A couple of seasons ago I thought I’d ramp up my Casually Deliberate coolness quotient. While passing another rider on a 14% grade I quipped, pain is only temporary. [I know…not even clever, never mind original] I blew up 200 meters further up the road. When he passed me he didn’t say a word. The silence was deafening. Since then, I keep my pie hole shut unless I have something to say.

    The key to this art is not fucking it up. You can fake not suffering or mask how hard you’re working, but you can’t fake confidence and competence.

    If you don’t have the guns to pull it off, its best to practice in private until you do rather than make a stab at it and having it backfire.

    @ChrisO

    Ha!

  7. Talk about poker face.

  8. @frank

    @PT

    I imagine if you still have it in the big ring and are braking for the hairpins, any further demonstration of capability is considered ostentatious.

    Presumably when you’re doing that, you’re riding alone with everyone else choking on your dust. So why the fuck would you be talking? Trying to psyche yourself out?

    Sorry, but my dissociative identity disorder isn’t quite that developed.

    Breaking into a lusty rendition of ‘O Sole Mio’ at that point would seal the deal, I think.

  9. @frank

    @Hammer

    Whistling A cheerful tune…..

    or rather, having some ultra-fit pensioner behind you doing it while you are attacking and trying to drop him.

    Apoarently he was an ex-pro knowns as “Whistling-Bob”

    Johan Museeuw does this as well. Very unnerving!

    He most certainly does – smiles as well and then talks to you. My peripheral vision was going and he was whistling – no wonder I schlecked my chain.

  10. I tend to go in the other direction.  I’ll over-exagerate the amount of pain I’m showing, so as to lull my riding mates into a false sense of security…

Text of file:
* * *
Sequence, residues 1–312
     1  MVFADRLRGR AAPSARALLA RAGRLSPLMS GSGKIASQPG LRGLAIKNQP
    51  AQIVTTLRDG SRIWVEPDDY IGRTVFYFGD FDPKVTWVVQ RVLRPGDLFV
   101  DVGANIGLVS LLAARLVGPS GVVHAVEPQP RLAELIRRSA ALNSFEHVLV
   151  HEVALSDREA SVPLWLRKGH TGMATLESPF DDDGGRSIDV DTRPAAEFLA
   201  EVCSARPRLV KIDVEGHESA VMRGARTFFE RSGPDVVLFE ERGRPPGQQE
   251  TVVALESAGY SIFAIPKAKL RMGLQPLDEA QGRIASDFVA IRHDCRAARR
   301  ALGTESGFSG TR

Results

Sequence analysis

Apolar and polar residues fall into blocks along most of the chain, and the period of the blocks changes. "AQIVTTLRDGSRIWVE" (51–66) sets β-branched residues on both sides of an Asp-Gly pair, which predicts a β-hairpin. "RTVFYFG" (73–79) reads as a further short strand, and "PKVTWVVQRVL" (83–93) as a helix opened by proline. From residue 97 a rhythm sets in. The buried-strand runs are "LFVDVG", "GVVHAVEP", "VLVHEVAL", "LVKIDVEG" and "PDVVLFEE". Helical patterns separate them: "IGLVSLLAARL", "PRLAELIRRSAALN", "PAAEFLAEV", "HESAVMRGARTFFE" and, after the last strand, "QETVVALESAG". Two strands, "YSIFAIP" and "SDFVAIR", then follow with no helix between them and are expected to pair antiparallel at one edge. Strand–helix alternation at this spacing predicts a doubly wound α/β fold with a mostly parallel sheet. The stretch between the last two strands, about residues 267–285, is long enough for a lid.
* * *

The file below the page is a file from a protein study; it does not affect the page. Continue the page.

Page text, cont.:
11. NEVER underestemate a fixed gear. Fixed gear riders who actualy ride (not that many here in Auckland) tend to be allot faster than they seem at first glance. I started off as a hipster on a fixie before joining the local bunch ride on said fixie. The fast riders of the bush do not like being passed up hills. The trick is to sit behind them and wait for the gear chainge. As they drop back I like to give a little glance at there face and then there (now in the granny ring) gears with a slight hint of distane. I do this on the geared bike as well.

  12. Waiting for the gear change works well if you have gears at your disposal too. Wait for their down shift before dropping it into a smaller sprocket and pushing on. To make it convincing, your push / attack / attempt to irritate the fuck out of them must be conducted seated with a rock-steady upper body to hide the fact that you are wringing every last watt out of your guns. You can get back to recovering once you’re two hairpins up the road and they can’t see you popping your lungs and eyeballs back in.

  13. @Fausto

    Waiting for the gear change works well if you have gears at your disposal too. Wait for their down shift before dropping it into a smaller sprocket and pushing on. To make it convincing, your push / attack / attempt to irritate the fuck out of them must be conducted seated with a rock-steady upper body to hide the fact that you are wringing every last watt out of your guns. You can get back to recovering once you’re two hairpins up the road and they can’t see you popping your lungs and eyeballs back in.

    Waiting for them to stand works too.

    Can’t believe this hasn’t been posted yet. Cancellara defines “illusion of transparency”.

  14. @The Grande Fondue Ai-cha-cha awesome! If I happen onto the right gear and stay down while turning, I’m thinking “don’t break the spell…” — surge if at possible. That was perfect putting Boonen on the Sword!

  15. Works on Sagan, too.

    I suspect that may be the last time for a few years we see anyone do that to Peter Sagan.

  16. Oh boy, do I love talking about the weather, the birds, whatever when things really get painful. Most of the sports I played while growing up involved a healthy dose of running banter. Good training for life as a Velominatus.

    When things get painful, I’ve always found the suffering of others to be very good motivation.

  17. @pink@Fausto

    Rule #90 covers it nicely I think.

    @The Grande Fondue

    @Fausto